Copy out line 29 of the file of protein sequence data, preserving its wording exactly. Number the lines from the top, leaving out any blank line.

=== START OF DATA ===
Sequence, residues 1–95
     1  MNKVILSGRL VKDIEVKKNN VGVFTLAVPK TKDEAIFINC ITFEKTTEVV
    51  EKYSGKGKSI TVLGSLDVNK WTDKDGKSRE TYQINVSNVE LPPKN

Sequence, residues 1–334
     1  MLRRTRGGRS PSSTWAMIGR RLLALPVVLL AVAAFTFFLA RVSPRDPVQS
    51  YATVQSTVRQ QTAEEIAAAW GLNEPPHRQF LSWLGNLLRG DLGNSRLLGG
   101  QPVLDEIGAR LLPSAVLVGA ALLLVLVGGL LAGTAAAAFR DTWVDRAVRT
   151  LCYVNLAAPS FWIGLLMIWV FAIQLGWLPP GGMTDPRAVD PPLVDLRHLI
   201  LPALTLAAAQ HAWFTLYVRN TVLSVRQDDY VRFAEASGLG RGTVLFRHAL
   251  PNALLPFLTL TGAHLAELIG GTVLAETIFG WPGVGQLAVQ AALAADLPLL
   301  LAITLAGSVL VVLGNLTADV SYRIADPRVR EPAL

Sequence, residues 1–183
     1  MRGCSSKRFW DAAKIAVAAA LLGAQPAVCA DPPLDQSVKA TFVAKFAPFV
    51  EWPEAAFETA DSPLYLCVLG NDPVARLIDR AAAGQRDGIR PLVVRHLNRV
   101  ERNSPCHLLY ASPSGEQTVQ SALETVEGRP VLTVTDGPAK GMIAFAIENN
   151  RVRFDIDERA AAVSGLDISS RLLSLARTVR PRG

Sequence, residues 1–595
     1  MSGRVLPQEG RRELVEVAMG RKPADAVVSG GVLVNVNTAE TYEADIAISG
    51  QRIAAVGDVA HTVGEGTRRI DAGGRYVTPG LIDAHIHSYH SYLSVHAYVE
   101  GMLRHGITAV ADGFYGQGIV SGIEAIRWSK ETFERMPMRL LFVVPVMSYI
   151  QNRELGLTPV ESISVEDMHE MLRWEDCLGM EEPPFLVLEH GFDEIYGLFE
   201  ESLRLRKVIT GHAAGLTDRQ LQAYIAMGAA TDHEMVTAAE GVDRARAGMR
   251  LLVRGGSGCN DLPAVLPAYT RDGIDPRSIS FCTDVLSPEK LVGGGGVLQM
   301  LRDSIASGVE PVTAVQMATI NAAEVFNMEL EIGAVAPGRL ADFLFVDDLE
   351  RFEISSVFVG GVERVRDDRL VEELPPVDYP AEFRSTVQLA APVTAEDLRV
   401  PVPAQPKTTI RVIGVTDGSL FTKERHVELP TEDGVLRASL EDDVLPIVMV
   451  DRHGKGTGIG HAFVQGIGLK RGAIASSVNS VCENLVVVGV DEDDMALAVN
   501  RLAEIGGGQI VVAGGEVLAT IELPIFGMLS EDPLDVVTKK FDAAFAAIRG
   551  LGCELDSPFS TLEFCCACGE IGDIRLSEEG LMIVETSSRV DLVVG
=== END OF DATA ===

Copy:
   551  LGCELDSPFS TLEFCCACGE IGDIRLSEEG LMIVETSSRV DLVVG